How often can you lose a match in the second last week of a tournament and still be in with a more than decent chance of winning it?
Yes, it's never good to lose, and yes losing the chance for a Grand Slam is awful, but there are worse losses. There are losses that dump you out of tournaments, losses that embarrass a nation, and the annoying losses when it was within your control and you proceed to lose it.
This wasn't that type of loss. This could almost be classed as an encouraging loss. There were no injuries. There was enough in Ireland's display that can suggest that they are doing the right things, and are not far away from making significant strides. Of course there are concerns, but it's now time to refocus for Scotland, there's a championship to win.
It's important to give Wales credit for how they won the game, rather than how Ireland lost it. Wales were up for this. Perhaps some comments that went on in the media, or maybe it was the hunger to dole out some revenge after last year's humiliation, but Wales roared into the game and their pressure put them ahead.
When it came down to the defensive effort in the second half, Wales were astonishing. Their tackle count was huge, but they were effective tackles. Ireland spent eight full minutes in Wales' 22 at the start of the second half without registering a point.
Wales had a plan when they got in front and they didn't waiver from it. Plan A got them ahead and they went on from there. Their victory was built on outstanding defence and unwaivering commitment. There's no evidence of Wales out-thinking Ireland, just a hugely determined team playing to their potential.
The Irish Positives
While Wales were full of passion and commitment, Ireland stayed calm and collected for the most part, and there wasn't a huge sense of panic when they were 12-0 down. Sure there were mistakes, most notably from Johnny Sexton with some wayward kicking.
Ireland managed to regroup after a horrible opening 13 minutes, and ended up winning the remaining period 16 points to nine. A large part of this was a recognition that referee Wayne Barnes was heavily penalising the team in possession compared to the defensive team. Ireland stopped kicking the ball, and started to keep it in hand. This both meant that Wales couldn't put as much pressure on Ireland with ball in hand, and Ireland were able to grow into the game. They deserve credit for eventually adapting to Wayne Barnes' refereeing, if it took a little late and ended up costing them the game.
Things To Learn
Despite what is being reported, Ireland created many more attacking opportunities. Strangely, it was some strange decisions, either by Sexton or from some forwards that meant that they didn't exploit the space out wide. Ireland butchered at least two, and probably up to four or five try scoring chances. This is easily fixed.
There were also occasions to go for the try when an accumulation of points would have kept Ireland in touch and kept the growing momentum. When Ireland went through that eight minutes of pressure in the Welsh 22 only to concede a penalty, not once did Sexton ever drop into the pocket to take a drop goal. Even when they were awarded a penalty, it was vital that Ireland get a score to bring them to within three points. The Welsh defence weren't giving any change, and were driving the Irish back. It times like that it's best to take the points, go back to half-way and try again. Not scoring at that point felt like the end of the game.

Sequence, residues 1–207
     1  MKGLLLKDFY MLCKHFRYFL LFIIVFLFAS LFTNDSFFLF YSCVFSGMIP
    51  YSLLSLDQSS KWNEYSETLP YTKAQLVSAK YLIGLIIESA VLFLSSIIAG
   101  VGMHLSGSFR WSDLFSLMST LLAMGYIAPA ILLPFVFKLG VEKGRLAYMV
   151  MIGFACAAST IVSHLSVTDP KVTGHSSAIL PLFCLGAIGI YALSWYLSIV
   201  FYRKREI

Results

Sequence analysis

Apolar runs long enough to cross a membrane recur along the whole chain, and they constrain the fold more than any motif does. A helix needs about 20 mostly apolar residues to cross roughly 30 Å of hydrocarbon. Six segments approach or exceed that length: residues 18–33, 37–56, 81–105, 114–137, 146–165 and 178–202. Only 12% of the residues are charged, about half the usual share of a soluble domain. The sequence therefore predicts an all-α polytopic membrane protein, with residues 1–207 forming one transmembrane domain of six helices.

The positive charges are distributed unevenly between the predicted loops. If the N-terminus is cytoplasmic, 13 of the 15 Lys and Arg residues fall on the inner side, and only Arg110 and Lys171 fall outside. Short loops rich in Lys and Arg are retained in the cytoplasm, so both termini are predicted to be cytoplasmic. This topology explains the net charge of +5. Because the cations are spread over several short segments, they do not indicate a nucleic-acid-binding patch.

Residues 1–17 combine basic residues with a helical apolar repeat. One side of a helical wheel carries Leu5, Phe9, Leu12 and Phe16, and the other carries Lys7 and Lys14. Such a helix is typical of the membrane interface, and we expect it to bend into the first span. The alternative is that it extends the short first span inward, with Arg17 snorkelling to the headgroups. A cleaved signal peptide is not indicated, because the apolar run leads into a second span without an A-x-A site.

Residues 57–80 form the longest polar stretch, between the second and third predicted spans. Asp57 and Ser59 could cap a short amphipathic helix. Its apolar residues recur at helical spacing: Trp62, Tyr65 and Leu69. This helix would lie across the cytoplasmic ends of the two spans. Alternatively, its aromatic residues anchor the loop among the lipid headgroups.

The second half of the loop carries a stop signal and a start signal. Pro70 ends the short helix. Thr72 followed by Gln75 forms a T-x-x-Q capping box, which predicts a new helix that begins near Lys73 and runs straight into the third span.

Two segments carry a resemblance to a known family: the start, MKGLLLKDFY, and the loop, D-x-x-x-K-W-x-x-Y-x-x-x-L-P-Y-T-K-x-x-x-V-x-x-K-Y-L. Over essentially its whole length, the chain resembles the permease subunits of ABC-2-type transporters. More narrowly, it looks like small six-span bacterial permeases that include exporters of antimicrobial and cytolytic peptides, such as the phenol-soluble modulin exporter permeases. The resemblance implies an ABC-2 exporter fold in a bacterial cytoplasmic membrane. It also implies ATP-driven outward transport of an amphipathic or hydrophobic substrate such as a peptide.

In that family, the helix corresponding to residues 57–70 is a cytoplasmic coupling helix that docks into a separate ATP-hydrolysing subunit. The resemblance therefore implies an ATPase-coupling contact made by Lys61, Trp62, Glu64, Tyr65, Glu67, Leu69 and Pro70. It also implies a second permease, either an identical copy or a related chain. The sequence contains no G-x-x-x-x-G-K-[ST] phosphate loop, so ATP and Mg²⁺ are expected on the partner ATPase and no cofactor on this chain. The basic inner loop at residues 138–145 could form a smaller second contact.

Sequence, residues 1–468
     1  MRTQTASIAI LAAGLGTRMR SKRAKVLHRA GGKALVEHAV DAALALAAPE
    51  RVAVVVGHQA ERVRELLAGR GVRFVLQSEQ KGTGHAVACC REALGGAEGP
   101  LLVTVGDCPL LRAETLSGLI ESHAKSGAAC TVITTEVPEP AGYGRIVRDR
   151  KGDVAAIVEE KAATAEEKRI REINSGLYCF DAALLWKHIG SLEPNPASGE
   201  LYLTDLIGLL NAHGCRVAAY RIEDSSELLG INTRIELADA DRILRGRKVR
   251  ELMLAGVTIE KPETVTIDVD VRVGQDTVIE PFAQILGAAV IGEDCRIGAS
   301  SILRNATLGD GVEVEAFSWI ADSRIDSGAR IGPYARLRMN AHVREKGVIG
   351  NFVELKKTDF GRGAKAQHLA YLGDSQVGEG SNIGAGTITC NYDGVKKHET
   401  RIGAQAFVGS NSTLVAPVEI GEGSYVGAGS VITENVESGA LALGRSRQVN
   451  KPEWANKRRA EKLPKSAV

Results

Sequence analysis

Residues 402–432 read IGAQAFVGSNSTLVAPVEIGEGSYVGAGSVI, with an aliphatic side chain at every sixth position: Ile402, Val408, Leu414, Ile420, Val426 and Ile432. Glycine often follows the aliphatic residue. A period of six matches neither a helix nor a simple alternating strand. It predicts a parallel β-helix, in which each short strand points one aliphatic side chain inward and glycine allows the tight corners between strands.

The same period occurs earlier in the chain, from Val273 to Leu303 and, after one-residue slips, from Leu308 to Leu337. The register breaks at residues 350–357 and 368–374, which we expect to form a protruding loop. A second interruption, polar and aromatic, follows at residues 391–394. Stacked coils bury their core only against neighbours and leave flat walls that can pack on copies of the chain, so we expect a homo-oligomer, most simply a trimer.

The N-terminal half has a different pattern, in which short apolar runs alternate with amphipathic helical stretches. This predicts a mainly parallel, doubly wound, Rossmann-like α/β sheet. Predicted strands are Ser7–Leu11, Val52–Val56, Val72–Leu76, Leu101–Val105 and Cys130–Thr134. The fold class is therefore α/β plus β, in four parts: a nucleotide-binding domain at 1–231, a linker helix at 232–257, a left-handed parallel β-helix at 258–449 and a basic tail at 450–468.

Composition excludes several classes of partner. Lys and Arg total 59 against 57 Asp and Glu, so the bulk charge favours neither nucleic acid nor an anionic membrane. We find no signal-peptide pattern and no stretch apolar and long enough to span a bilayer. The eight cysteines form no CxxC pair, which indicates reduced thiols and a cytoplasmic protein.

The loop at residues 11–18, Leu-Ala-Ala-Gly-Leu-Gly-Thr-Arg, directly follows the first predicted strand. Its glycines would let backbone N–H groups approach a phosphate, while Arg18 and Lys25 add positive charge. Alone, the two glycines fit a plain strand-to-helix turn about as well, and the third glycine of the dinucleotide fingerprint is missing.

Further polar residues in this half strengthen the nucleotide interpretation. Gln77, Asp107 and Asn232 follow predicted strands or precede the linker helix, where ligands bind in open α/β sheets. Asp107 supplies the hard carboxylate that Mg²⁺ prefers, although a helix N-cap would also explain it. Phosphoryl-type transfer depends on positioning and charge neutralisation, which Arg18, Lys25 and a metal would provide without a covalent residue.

It's a better position to have to tweak your decision making process than to not have any answers on how to reverse a loss.
That said, the decision maker in most of these instances was Johnny Sexton. The same Sexton who says he hears Joe Schmidt's voice in his head on the pitch, and usually makes the right decision in games like this. It's a slight concern.
Only concerning is Rory Best's tendency to throw erratically. He has games like this throughout his career, and it's a small bit worrying, and once his confidence goes in a game it gets worse. The majority of the time he's an incredible accurate thrower, and when he is confident he's the best hooker in the Northern hemisphere. He just has at least one game to forget in each championship, let's hope it's not in the key games at the World Cup.
The Grand Slam is gone. But that's it. The race for the Six Nations is still on. It can be argued that all three of Wales, Ireland and England are in strong positions, and each of them have a realistic chance of winning despite the skewed odds with the bookies. Wales could easily put 35 points past Italy, Ireland could just as easily pass England's points difference total with an open game that punishes Scotland's ill discipline, while England are leading as it is.
There's also a chance that the talk of Ireland's unbeaten run unsettled them. Perhaps not, but it's not the worst thing in the world for all that chatter to end, and for the chance to refocus with Scotland next week.
In the worst case scenario for next week, Ireland won't win the Six Nations, but they can still claim to have had a good championship, beating both World Cup pool rivals and the hosts of that tournament that they hadn't beaten in four years.
Ireland are in a good place for the World Cup, and with this reality check, they almost have a better chance of going further than they ever have before. Ireland will be better off for the loss.
But for now, let's focus on Scotland, there's a Championship to win.